Japan's Kyodo news agency said the two sides may meet again late this month, after Japan said on May 29 that it would ease sanctions against North Korea if the secretive state delivers on a pledge to reinvestigate the cases of Japanese citizens snatched in the 1970s and 1980s to train spies.
The announcement, after three days of talks between the two sides in Sweden, marked a major breakthrough in their very strained relationship and the most positive engagement between Pyongyang and the outside world in many months.
North Korea admitted in 2002 that it had kidnapped 13 Japanese citizens to train its spies in Japanese language and customs. The subject is highly charged in Japan, where there are suspicions that dozens or perhaps even hundreds of others were taken.
Citing Japanese government sources, Kyodo said both sides were arranging to hold a new round of talks soon, when Pyongyang is expected to set up a special panel to reinvestigate the abductions.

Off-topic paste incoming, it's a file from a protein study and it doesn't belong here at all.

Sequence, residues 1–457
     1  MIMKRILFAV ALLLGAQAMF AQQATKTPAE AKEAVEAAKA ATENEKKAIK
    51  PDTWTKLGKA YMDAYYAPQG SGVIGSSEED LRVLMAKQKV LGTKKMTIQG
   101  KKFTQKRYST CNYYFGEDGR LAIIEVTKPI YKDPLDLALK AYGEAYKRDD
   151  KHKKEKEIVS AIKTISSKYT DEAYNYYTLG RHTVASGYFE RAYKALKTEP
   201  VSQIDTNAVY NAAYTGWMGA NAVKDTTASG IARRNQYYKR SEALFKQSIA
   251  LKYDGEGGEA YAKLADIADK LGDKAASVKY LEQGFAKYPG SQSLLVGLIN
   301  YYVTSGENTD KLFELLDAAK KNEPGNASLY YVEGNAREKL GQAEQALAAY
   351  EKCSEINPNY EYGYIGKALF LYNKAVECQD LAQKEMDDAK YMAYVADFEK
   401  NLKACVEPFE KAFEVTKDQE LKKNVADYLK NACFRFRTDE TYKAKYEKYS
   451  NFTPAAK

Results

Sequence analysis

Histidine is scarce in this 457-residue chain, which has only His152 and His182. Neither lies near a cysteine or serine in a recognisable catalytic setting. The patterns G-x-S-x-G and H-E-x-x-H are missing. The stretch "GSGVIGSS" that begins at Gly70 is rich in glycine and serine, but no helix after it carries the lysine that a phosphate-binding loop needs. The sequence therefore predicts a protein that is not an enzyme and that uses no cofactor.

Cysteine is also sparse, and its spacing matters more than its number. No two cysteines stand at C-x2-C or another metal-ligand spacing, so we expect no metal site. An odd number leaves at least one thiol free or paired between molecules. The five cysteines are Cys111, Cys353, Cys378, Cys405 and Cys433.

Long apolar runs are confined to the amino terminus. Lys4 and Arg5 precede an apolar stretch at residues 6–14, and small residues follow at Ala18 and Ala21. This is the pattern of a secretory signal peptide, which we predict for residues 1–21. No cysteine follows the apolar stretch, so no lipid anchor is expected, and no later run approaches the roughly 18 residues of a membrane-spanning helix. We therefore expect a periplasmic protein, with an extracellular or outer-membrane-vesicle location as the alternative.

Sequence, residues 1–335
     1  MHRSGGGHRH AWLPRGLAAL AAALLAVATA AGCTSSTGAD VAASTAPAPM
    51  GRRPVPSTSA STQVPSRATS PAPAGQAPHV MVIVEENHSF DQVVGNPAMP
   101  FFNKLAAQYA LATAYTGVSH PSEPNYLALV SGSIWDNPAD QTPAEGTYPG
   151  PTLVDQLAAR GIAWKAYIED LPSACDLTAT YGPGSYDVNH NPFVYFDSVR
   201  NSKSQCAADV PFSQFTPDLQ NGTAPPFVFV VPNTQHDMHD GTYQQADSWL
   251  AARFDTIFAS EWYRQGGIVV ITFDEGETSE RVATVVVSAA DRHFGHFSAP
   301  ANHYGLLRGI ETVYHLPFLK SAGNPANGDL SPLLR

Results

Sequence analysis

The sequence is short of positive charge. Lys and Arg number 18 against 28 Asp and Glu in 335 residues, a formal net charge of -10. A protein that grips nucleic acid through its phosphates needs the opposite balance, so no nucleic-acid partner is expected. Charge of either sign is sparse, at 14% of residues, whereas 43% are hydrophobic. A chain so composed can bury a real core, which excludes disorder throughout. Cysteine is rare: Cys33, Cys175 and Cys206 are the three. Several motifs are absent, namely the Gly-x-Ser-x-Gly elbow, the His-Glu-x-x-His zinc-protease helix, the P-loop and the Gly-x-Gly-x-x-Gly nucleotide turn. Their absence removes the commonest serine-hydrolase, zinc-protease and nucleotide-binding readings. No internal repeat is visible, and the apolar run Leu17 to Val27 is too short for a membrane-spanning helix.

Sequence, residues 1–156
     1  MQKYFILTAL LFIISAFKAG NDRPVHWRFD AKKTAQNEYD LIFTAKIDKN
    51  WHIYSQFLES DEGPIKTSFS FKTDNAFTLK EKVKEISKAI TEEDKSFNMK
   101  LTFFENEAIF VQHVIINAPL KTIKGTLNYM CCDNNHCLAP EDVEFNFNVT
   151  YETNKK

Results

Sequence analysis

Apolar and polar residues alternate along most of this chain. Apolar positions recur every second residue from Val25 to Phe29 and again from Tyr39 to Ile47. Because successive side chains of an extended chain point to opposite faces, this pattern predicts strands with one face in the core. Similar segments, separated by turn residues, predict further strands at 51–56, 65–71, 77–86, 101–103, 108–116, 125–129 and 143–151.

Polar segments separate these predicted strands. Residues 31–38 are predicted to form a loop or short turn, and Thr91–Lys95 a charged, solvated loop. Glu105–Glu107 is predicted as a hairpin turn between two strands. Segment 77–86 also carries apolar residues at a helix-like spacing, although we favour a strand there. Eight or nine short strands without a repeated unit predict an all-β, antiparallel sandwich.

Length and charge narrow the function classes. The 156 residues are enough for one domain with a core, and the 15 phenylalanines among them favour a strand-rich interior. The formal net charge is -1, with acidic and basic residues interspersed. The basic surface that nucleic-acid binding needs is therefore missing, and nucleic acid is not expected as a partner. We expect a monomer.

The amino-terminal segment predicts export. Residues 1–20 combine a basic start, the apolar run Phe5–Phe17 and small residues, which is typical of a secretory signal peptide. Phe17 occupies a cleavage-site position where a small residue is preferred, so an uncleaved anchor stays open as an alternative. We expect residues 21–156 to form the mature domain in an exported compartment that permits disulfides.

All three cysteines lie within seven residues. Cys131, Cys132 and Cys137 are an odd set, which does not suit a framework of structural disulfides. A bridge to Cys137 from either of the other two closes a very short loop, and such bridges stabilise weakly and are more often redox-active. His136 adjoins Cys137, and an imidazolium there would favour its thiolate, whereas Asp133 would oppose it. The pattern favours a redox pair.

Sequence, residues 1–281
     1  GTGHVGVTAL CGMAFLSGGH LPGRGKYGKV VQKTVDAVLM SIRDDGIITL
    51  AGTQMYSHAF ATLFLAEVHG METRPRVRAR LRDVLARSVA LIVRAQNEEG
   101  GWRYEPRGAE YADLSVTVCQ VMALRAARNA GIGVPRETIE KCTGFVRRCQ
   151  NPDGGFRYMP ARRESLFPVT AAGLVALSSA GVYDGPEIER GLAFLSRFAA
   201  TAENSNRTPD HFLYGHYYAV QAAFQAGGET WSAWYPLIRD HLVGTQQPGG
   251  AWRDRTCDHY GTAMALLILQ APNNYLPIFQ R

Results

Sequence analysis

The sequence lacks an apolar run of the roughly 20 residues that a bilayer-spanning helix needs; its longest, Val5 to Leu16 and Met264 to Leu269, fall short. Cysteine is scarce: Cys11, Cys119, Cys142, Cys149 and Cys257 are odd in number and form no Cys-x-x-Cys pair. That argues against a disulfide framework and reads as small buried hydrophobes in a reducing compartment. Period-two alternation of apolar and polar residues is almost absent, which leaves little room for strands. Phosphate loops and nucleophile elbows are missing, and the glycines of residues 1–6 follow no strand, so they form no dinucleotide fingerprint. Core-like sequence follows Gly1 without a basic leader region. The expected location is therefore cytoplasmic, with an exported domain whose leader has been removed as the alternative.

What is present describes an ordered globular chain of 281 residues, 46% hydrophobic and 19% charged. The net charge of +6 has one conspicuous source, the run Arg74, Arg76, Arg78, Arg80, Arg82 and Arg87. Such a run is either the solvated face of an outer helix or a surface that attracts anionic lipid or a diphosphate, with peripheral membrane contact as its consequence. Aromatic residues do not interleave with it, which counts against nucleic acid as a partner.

The next talks may be held in China, with Junichi Ihara -- head of the Japanese Foreign Ministry's Asian and Oceanian Affairs Bureau -- and Song Il-Ho, North Korea's ambassador for talks to normalise relations with Japan, expected to come together, Kyodo said.
Ihara and Song were chief negotiators at the talks in Stockholm.
Tokyo and Pyongyang have no formal diplomatic ties, partially because of what Japan says is the North's unwillingness to come clean over the abductions.
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